Of Kashmiri and kangri

This refers to the highly informative “The good old kangri” by Kiran Narain (Spectrum, Jan 14). It is said that a kangri is to a Kashmiri what Laila is to Majnu. Indeed, a Kashmiri and his kangri are inseparable, like true bosom pals.

Correctly called kanger, it traces its origin to hanjis (boatmen), decades ago. Since hanjis sailed across waterways like lakes and rivers in wooden boats, it was impossible for them to light fires in them to keep warm. So they hit upon the novel method of lighting fires in earthern bowls, which were later placed in wicker baskets, now often dyed in various colours. Kangris have now become an integral part of Kashmiri culture also reflecting man, his environment and use of local material.

The kangri is truly a mobile angithi. The Kashmiris even sleep with them to ward off icy winter chill to prevent cold and cough and improve digestion too. However, modern research reveals that it can cause cancer to the body part most exposed to it. Apart from dowry, it is given in alms with money/embers in it.



In select company

When I handed to the Editor-in-Chief photographs and text concerning the new bird, Bugun Liocichla, discovered, I was hopeful that it might be a news-scoop for The Tribune.

A friend from Hyderabad tells me that The Tribune was probably the only daily in India to carry the bird’s photograph on the front page. It was certainly the only one to carry the discovery as a cover story (Saturday Extra, The Tribune, October 21, 2006).

And what is more (which might please the readers of The Tribune), they are in the select company of The New York Times which too carried the bird on its front page on Sept 13, 2006!

The Tribune is also in the select company of another kind. The Sun in the UK, I am told, reserves it page 3 for a full-blown nude. But on Sept 13, 2006, they carried our bird side by side with the nude!

Lt-Gen BALJIT SINGH (retd), Chandigarh

Debate needed

This refers to “Whose land is it anyway” by Pratik Kanjilal (Spectrum, Jan 7). India, a primarily agrarian state, essentially needs rapid industrialisation in a competitive world market, for over-all growth and an ascending GDP graph.

A debate at the national level, therefore, is mandatory in and outside Parliament, to arrive at a consensus and guidelines for land acqusition by private and public undertakings in the present political and economic scenario.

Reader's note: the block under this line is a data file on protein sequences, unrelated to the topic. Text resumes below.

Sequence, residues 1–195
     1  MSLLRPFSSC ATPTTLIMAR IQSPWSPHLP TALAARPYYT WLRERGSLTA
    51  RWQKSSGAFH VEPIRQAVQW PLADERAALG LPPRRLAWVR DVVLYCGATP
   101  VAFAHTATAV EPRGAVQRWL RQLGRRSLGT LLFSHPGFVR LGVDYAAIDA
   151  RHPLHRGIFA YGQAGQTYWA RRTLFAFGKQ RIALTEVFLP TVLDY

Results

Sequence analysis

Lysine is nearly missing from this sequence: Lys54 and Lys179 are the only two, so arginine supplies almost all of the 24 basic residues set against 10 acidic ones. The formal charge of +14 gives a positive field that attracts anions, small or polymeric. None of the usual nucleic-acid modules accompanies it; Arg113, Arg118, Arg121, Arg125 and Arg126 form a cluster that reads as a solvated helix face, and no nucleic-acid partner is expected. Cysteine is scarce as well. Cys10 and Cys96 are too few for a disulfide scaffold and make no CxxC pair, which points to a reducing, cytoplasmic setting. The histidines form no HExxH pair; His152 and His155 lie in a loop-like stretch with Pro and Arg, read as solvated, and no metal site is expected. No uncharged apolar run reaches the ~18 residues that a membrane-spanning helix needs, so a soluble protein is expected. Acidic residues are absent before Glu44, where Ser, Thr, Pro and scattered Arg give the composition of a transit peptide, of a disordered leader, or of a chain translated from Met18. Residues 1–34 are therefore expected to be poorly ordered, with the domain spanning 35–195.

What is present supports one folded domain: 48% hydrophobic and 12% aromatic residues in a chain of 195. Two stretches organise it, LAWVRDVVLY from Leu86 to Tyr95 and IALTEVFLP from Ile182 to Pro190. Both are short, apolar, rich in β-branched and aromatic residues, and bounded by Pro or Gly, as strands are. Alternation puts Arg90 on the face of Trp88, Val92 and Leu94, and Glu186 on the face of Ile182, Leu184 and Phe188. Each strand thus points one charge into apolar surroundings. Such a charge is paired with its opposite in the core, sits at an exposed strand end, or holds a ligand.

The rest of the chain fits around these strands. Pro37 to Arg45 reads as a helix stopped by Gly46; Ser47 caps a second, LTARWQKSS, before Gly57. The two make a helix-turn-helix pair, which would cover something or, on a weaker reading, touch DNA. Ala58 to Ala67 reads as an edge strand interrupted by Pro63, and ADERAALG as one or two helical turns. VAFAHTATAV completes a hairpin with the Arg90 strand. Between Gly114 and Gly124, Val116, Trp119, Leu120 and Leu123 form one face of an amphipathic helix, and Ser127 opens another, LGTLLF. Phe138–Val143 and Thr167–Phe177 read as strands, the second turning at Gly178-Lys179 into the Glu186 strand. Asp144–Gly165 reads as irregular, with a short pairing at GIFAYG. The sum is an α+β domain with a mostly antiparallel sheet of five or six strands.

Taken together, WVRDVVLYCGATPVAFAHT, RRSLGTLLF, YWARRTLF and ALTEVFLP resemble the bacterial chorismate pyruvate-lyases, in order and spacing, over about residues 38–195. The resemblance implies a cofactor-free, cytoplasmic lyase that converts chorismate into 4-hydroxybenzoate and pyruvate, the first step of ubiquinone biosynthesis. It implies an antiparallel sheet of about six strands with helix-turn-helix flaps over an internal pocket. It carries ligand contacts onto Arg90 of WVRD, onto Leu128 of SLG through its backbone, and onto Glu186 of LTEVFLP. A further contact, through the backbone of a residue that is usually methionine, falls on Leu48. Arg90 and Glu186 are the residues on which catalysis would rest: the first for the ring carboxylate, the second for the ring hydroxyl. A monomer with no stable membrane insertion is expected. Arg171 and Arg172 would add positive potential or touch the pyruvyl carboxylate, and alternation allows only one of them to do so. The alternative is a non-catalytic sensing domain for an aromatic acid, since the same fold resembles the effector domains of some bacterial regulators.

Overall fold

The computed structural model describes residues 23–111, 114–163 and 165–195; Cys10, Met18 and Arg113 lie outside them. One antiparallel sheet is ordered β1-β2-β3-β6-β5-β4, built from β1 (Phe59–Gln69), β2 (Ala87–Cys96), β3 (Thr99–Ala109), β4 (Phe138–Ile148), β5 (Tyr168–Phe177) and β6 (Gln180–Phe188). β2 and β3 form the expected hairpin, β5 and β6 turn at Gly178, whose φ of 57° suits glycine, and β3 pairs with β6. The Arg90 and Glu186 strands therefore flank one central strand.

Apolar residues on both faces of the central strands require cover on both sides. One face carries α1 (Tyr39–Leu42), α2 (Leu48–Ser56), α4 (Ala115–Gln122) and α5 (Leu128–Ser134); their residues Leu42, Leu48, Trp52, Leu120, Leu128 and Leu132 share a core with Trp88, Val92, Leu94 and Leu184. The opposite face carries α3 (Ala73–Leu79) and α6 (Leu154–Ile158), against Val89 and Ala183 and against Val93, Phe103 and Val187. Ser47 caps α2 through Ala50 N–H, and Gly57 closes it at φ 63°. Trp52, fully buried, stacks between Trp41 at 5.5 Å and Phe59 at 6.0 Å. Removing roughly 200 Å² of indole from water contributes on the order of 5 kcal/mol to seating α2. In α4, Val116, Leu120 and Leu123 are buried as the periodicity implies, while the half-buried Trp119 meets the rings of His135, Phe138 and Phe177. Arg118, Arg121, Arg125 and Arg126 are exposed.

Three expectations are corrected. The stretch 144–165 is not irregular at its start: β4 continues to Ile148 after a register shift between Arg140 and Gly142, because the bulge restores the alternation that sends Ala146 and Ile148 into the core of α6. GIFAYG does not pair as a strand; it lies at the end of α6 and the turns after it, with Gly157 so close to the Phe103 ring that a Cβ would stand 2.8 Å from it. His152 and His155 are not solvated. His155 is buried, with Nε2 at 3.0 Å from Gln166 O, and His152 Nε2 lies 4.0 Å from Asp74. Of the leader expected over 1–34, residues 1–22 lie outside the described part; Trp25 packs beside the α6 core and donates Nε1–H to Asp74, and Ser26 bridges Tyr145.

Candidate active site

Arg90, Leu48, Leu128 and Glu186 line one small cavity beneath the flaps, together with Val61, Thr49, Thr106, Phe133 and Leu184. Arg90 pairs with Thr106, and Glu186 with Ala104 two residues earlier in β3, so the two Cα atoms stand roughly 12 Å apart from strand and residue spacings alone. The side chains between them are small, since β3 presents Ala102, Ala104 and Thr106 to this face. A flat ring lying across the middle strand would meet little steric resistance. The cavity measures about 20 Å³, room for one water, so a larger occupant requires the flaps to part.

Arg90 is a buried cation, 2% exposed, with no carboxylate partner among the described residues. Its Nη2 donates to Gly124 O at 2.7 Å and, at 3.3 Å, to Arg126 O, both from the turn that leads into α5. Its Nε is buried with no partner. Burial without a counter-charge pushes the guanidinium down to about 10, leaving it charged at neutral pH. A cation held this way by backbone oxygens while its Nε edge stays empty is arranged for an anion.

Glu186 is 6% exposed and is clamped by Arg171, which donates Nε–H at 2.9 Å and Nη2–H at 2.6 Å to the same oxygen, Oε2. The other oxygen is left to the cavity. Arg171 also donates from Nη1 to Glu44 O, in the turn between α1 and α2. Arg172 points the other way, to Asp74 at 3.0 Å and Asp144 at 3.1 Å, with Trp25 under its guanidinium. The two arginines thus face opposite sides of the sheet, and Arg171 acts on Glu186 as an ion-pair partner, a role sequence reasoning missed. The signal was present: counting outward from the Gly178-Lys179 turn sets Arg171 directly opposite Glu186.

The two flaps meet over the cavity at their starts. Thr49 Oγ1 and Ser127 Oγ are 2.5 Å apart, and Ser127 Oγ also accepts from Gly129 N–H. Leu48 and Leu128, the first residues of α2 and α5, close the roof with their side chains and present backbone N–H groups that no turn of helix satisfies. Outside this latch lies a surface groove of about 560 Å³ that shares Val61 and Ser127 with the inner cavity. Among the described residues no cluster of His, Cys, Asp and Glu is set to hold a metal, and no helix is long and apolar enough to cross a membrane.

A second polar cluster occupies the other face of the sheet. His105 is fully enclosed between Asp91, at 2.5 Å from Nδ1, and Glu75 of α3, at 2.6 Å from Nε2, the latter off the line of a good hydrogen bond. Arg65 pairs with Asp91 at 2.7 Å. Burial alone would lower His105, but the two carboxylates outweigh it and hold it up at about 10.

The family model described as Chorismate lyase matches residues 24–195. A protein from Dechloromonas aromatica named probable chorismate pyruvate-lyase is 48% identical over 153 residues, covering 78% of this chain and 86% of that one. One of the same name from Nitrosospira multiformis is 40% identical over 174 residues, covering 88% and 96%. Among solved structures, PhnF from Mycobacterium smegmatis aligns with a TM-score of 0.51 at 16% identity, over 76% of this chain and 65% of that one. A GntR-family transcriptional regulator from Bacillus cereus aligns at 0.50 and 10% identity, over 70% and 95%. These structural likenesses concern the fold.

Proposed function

Fertile agricultural land of small land holdings should be kept outside the scope of land acquisition except in extreme cases. Unproductive land, wasteland or abandoned land should be earmarked and listed in revenue records of the district and state for new industrial projects as and when required.

In exceptional circumstances like defence, irrigation, strategic layout, the land owners should be liberally compensated and provided free accommodation and two-generation employment. Housing should be planned vertically rather then horizontally to save land. Use underground for storage, parking, etc. n

B.M. SINGH, Amritsar


Ghalib held Aazurdah in high esteem

This refers to Mr Bhagwan Singh’s letter “Ghalib, an extraordinary free thinker” (The Sunday Tribune, Dec 3). I want to share another interesting incident related to Mufti Sadruddin Aazurdah and Ghalib.

Once at an informal and friendly get-together at Nawab Mustafa Khan Shefta’s house where Ghalib, Aazurdah and Moulana Hali, all accomplished poets, were present, there ensued a lively discussion on poetic talent. Ghalib who knew very well about the disrespectful and apathetic attitude of Aazurdah towards young poets, devised a plan to catch him unawares. (Mufti Aazardah was enamoured of the classical poets only. He treated the new, upcoming and budding poets with disdain and his attitude towards such poets was saucy and pedantic. Still Ghalib held him in high esteem and Aazurdah too was benevolent towards him.)

Ghalib started reciting one of his lyrics composed in Persian, and asked Aazurdah to listen carefully to the lyric of a Persian poet. At first Aazurdah was all praise for the composition, but soon he saw through the trick of Ghalib and suggestively remarked: A well-composed poem, but the poet seems to be a novice.

Ghalib continued his recital, when he reached at the concluding couplet, he turned to Aazurdah and recited in soulful tone the following couplet:

Tu aey ke maihv-e-sukhan gustaraan-e-pesheeni

Mabaash munkir-e-Ghalib ke dar zamaana-e-tust (O thou who is in a trance listening to the poetic eloquence of a poet reciting in thy presence, never dost thou disbelieve in Ghalib just because he is a poet of thine era).

Ghalib was a free thinker, yet he never advocated the practice of wine-bibbing for others. He was fully aware of and conversant with the subtleties of sin and virtue. He perceived the frailties of man with human eye. We can say about him in the following lines: Na sufi bood, na mulla, na bey taufeeq roohaani, Faquat mee kard bar duniya nigah ba chashm-e-insanni (He was neither a mystic nor a cleric, yet he was not sans the gift of spirituality. He perceived the world with the eye of a common man).




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